What makes a great advertisement? There are several elements and things that are put into consideration when thinking of a successful advert. They include, but are not limited to, the logo, font size & type, colour juxtaposition and of course creativity.
The fact that creativity is the hallmark of advertising is to state the obvious. However, creativity is not all it takes to make a great ad. David Ogilvy, the doyen of advertising said, “In the modern world of business, it is useless to be a creative, original thinker unless you can also sell what you create.” It’s not enough to be creative rather the question should be: does your creativity sell? A lot of times advertisers get into the habit of spending huge amounts of money on supposedly ‘creative’ campaigns which yield little or no result. In a bout of frustration and exasperation, they throw their hands in the air and exclaim “I knew it, advertising doesn’t work…it’s just a waste of money”
The truth is there is nothing wrong with advertising rather the fault lies in the advertisers not paying attention to the essence and the objective of an advertising campaign. In a bid to be creative, advertisers loose out on their target audience by failing to communicate the message inherent in the advert. The audience is left confused as to what message the ad is trying to pass across and therefore has to decipher this on their own. We all know that for most Out-of-Home audiences, they don’t have that luxury of time.
Some agencies have had great successes with pulling off a creative ad while others, in a bid to be creative, came up with bizarre and irrelevant advertisements in which case the essence of the brand was inconspicuous.
Ang Swee Hoon and Lee Yih Hwai, Associate Professors of Marketing at the National University of Singapore Business School, in their article on What Makes A Great Ad, stated that “sometimes, creativity takes a tailspin and brands forget about the important messages at hand, focusing instead on glamorous but tangential matters.” According to the professors, for a campaign to be creatively effective it needs to be novel, connected and meaningful.
Novelty is about being different, unique and unconventional; characteristics that not only capture attention but also generate interest towards the advertisement. Meaningful involves adverts conveying their messages in a logical manner while connectedness involves people’s identification with an issue. These three components were examined in the light of the recent awareness campaign by the Breast Cancer Foundation.
The campaign used tweaked social media logos to remind women that they are spending more time on social media than they are in examining their breasts. “……..the novelty that one sees in the breast cancer awareness campaign makes one take a second look.……..the tweaks made to the familiar Facebook and Instagram icons create a ‘puzzle’ that motivates people to take a closer look, upon which people would realize that the spoof on Facebook’s logo, for instance, shows a hand cupping a breast. The message comprehension is further aided by the appropriate headline – If only you checked your breasts as often.”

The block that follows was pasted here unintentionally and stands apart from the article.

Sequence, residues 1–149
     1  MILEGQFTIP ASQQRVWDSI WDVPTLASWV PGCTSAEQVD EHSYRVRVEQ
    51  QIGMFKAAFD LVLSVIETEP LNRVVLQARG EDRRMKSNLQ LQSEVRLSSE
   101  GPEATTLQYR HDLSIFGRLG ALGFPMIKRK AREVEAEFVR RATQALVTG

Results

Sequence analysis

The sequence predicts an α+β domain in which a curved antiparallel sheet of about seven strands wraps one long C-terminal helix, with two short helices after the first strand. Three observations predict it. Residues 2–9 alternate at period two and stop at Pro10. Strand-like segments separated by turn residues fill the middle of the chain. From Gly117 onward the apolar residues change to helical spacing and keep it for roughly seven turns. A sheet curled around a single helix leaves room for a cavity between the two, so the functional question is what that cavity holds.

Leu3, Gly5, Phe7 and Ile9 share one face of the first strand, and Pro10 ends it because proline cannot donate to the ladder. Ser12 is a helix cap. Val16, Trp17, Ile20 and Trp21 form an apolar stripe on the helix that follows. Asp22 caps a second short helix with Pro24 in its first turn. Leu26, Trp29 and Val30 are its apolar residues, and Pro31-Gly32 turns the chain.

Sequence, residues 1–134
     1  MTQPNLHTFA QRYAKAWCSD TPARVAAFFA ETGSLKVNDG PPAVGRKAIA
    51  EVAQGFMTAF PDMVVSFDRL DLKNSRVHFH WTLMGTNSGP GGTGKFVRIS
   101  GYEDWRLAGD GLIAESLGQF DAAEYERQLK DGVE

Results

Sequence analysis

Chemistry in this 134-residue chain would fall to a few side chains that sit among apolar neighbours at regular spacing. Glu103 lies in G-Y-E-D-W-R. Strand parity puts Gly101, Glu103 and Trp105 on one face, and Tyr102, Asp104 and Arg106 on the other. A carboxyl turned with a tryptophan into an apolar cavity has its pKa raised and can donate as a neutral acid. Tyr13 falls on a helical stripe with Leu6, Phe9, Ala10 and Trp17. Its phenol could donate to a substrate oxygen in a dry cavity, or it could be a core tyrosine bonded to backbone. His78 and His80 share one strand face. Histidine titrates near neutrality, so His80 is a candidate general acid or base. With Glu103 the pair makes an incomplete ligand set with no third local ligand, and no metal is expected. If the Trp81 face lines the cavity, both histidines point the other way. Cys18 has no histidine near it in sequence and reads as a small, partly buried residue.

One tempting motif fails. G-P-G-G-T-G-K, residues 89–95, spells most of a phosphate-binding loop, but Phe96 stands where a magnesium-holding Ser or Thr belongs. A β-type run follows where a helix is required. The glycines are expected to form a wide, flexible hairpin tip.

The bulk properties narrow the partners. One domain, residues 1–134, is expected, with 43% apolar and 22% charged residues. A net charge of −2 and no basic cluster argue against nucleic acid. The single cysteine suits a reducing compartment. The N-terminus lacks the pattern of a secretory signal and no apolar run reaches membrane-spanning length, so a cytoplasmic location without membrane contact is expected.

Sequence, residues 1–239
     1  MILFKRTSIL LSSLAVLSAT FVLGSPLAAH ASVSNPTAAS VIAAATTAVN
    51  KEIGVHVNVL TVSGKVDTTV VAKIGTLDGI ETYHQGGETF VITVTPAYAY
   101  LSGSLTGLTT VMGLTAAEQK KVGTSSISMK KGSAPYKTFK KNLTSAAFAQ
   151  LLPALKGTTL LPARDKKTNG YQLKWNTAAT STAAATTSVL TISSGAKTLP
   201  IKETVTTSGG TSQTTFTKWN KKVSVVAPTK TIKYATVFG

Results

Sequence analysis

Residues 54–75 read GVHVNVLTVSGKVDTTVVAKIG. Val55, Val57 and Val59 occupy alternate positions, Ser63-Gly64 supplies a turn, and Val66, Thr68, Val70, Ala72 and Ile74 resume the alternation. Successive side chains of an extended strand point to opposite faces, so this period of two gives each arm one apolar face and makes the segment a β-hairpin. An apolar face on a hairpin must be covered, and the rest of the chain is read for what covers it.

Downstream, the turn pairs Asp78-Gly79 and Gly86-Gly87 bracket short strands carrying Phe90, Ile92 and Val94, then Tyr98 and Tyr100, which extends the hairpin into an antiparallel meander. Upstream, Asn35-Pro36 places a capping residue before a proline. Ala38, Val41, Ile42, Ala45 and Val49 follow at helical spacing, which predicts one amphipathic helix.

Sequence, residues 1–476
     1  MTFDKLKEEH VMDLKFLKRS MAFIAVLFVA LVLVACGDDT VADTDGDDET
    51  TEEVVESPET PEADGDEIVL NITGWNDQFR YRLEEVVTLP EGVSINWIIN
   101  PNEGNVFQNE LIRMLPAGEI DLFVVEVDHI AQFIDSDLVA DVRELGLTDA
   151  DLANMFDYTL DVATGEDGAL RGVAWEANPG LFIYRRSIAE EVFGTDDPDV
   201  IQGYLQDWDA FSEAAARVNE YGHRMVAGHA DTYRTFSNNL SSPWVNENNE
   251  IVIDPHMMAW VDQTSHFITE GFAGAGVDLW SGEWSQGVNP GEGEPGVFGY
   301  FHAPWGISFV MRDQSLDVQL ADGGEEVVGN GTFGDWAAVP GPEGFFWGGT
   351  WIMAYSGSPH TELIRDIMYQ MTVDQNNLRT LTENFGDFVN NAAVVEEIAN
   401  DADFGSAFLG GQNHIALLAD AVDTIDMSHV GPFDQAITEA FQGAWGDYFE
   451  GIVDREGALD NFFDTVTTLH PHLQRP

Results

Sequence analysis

The professors opined that such tweaking “makes the advertisements novel because one would usually not expect to see Facebook associated with breast cancer. Yet, this lack of harmony has easily been resolved with the illustration and headline, making the tongue-in-cheek message comprehensible.”
In terms of meaningfulness, the intent behind the breast cancer campaign is to make digitally savvy women realize that they have been spending too little time on something important (checking their breasts) while ironically, spending copious amount of time on social media. “…..this juxtaposition between breast examination and time spent online draws a stark but logical contrast, and makes women sit up and realize the imbalance. The message would have lost its resonance if it had not been meaningfully associated with relevant logos, or if the campaign had used unfamiliar icons.”
When examining how people identified (connected) with the issue, the breast cancer awareness campaign highlights that the time spent on self-examination can mean the difference between life and death. This is an issue that people often get passionate or emotional about.
In summary, creativity is not all it takes to come up with a successful advert. It is imperative that agencies and advertisers take caution while trying to be creative so as not to wind up with an ad that projects the company in a negative light or leave audiences confused as to what the brand is trying to say. Creativity is the ambience of all forms of advertising, but it is not all it takes to create an effective ad.